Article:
Viva Farms helps farmers of all ages and backgrounds thrive. Viva Farms, which was founded in 2009, is farmed by a few handfuls of farmers who are dedicated to learning how to farm sustainably, while also learning about self-reliance.
Organic Authority recently got to interview Michael Frazier, the executive director of Viva Farms, about how the organization got its start and how it helps new farmers.
Organic Authority: Tell us a little about Viva Farms. How was it founded?
Michael Frazier: Viva Farms is non-profit land-based certified organic farm incubator and training center located in Skagit County, Washington. We are working to create a just and healthy food system that engages and empowers our community: producer to consumer. By training limited resource and beginning farmers in holistic farm planning and environmental stewardship, Viva Farms cultivates self-reliance among small-scale and family-owned farms, and invests in the people and land that are the future of food and farming.
We deliver what we consider are the six essentials for beginning farmers: (1) Education (2) Land (3) Equipment (4) Infrastructure (5) Markets (6) Capitol
OA: Tell us about the farmers you are working with now.
MF: We currently have 14 distinct farm businesses at Viva. Seven are Latino owned, one is Korean, and of the 14, eight are either woman owned or co-owned. Our farmers range in age from early twenties to mid-60s, with varying degrees of experience. Many are farm workers with extensive field experience, including the knowledge of the dedication and hard work required to be successful. We also have some young farmers with a lot of classroom knowledge and an understanding and ability to perform the record keeping and regulation requirements of farming. Several of our younger farmers have transitioned from Sustainable Agriculture Education program (SAgE) at Skagit Valley College for which we are the practicum farm. In addition, we have farmers who are transitioning from other careers, and are passionate about sustainable agriculture and community health, and want to contribute by farming.
OA: What types of sustainable farming practices do you promote at Viva Farms?
MF: Viva is a certified organic farm, which drives many sustainable practices including fertilizer use, and pest and weed management. We also train, encourage, and require, depending on the practice and farm plan, farmers to invest in soil health by using cover crops and other amendments and efficient irrigation practices. As an incubator farm, there is an ongoing educational process, and some flexibility to allow innovation and make their own decisions about practices.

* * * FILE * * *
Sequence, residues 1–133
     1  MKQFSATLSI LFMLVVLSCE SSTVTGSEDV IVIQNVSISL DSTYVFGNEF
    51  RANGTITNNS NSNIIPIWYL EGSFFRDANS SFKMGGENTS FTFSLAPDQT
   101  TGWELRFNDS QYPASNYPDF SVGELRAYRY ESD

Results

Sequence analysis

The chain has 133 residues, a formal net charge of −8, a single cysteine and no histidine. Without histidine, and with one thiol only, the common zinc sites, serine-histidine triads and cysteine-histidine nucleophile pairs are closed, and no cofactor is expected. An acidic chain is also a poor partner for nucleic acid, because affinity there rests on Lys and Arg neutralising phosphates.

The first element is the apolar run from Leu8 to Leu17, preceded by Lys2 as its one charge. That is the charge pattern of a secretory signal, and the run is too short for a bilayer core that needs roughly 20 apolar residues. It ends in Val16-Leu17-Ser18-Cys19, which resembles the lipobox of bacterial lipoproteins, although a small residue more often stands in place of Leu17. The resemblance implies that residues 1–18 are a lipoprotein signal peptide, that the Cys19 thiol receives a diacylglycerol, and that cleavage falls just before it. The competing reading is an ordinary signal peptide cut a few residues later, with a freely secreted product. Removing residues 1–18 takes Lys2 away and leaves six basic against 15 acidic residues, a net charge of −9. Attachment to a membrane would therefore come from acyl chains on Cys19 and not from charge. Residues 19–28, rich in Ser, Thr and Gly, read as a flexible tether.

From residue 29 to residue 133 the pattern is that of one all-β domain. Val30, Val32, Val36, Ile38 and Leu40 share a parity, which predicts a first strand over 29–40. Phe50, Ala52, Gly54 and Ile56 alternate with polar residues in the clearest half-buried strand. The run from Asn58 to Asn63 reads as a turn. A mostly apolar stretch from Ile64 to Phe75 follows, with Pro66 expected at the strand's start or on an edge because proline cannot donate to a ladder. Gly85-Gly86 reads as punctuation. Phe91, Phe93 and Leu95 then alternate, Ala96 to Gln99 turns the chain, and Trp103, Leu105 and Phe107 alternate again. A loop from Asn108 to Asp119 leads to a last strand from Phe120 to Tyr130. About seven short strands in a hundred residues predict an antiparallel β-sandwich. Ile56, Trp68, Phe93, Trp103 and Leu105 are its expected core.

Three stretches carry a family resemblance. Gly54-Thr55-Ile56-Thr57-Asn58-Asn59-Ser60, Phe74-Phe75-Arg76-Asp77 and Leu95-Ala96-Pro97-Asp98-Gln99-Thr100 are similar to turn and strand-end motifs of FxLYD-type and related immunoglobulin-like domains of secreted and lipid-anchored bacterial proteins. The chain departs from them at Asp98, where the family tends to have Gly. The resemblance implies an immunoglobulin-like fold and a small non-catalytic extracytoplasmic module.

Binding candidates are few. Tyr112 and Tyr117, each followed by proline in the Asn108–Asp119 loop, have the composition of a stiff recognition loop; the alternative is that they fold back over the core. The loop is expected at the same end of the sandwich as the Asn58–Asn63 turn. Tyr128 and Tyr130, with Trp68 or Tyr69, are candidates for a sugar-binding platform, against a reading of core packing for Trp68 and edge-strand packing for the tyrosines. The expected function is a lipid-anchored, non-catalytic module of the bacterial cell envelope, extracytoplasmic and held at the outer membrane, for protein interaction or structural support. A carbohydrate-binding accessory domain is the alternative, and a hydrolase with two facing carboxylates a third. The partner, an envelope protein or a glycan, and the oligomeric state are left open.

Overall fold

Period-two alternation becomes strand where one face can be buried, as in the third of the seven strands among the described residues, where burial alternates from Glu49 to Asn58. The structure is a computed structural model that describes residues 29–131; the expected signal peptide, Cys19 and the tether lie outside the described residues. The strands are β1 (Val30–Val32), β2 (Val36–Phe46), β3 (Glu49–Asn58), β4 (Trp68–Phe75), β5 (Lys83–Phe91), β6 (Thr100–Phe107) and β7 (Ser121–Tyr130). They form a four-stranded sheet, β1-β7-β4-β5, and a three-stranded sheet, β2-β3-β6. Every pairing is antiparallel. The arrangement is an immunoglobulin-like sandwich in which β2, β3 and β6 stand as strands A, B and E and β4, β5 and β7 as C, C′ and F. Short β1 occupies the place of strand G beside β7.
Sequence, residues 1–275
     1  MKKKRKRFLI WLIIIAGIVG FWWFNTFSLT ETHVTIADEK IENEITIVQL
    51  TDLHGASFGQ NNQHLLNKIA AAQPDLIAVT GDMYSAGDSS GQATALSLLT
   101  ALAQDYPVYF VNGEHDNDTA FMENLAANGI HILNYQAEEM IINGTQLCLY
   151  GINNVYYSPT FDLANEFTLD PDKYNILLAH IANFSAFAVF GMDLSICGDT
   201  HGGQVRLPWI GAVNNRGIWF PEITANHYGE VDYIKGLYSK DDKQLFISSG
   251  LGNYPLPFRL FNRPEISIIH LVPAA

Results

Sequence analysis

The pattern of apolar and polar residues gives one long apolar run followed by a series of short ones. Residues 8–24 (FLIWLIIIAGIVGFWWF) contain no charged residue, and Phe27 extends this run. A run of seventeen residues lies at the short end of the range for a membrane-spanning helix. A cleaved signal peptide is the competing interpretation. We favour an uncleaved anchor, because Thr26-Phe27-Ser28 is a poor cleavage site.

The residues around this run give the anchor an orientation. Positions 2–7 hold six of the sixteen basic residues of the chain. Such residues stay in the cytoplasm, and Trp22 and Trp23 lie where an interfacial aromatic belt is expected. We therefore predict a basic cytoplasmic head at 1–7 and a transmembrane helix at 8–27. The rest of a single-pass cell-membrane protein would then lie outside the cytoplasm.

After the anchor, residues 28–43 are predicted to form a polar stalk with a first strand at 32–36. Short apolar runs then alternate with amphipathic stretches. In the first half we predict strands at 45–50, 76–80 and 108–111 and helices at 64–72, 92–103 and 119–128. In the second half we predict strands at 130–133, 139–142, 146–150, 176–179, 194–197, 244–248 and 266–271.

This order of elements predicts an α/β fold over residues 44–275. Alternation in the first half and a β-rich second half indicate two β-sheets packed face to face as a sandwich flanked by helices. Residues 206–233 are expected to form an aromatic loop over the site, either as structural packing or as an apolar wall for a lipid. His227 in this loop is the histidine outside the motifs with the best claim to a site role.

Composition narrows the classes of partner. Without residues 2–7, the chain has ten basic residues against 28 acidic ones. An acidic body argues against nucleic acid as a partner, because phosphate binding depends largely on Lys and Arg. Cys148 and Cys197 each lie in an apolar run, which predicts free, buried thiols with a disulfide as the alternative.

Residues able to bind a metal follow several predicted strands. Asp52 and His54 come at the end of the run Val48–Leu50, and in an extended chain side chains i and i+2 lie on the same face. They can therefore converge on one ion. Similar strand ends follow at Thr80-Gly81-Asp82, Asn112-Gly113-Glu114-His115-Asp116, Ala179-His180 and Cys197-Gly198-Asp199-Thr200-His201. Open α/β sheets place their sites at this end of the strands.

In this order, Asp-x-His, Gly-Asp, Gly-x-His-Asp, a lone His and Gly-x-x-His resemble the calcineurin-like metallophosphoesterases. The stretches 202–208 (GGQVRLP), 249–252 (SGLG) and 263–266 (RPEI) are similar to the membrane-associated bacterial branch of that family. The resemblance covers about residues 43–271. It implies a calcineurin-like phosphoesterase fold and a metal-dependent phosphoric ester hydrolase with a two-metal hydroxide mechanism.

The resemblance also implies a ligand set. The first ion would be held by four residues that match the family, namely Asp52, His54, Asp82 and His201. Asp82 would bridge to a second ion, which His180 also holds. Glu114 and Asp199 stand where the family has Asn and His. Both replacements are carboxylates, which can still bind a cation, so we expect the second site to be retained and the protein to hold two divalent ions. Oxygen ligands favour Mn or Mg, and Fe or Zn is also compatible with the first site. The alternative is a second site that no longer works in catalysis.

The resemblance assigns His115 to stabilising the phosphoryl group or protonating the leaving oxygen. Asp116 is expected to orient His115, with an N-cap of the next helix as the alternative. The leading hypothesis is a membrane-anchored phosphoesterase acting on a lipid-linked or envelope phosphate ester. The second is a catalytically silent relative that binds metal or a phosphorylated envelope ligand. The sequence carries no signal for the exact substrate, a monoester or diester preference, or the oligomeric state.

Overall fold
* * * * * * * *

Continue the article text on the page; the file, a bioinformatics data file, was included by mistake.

OA: What other types of skills do you teach the farmers at the incubator level?
MF: We offer comprehensive training in sustainable agriculture and business planning. We have a core competency-training program and work with our farmers to identify additional needs throughout the year. When additional training is required, we either design and deliver or work with knowledgeable partners to bring this training to our farmers and often our regional farming network.
Needs vary from farmer to farmer with some requiring assistance with business skills, government regulations, record keeping, and access to capital, for example; and others needing to learn how to safely operate farm machinery, when to till the fields, space crops properly, or identify pests and prevent pests. Almost everyone needs help with weed and pest management as this has proven to be very challenging on an organic farm. Viva also provides training on post-harvest practices including food safety, direct and wholesale marketing, acquiring land and capitol and more. While we offer most of our training in a group setting we also intentionally work one on one with our farmers through regularly scheduled meetings where we identify specific needs of individual farmers.
From the Organic Authority Files
OA: What start-up costs does Viva cover?
MF: Viva Farms lowers the prohibitive startup costs for beginning farmers by offering affordable access to six essentials.
We do have two capitol access programs:
Farmer Reserve Fund with North Coast Credit Union where we maintain collateral for farmers to borrow against for operational or capital expenditures. This program has benefited several of our farmers who otherwise would not have had access to capital buy tractors, implements, cold storage, seeds or starts, lease additional land and other items as they prepare to launch off Viva and become independent.
Seeds of Success Program with Beneficial State Bank where farmers develop a habit of planning and saving for expansion with a matching individual development account
We also offer pretty much all of our training free for participants of the program where regional farming network partners may incur a nominal fee.
OA: What are the biggest challenges the organization faces?
MF: Viva has committed to the challenge of not only farming, but also being an education center for beginning and existing farmers. Neither is inherently easy or profitable. In addition, we have intentionally taken on the goal of food and social justice by developing a bilingual program that respects and honors the potential in all of us to positively contribute to our community while nourishing our community to include limited resource populations. Bridging language, cultural and socioeconomic differences is also not an easy or profitable endeavor, but we see the ultimate value in pressing forward. Beyond those baseline challenges, we face many of the same issues education or farming businesses face.
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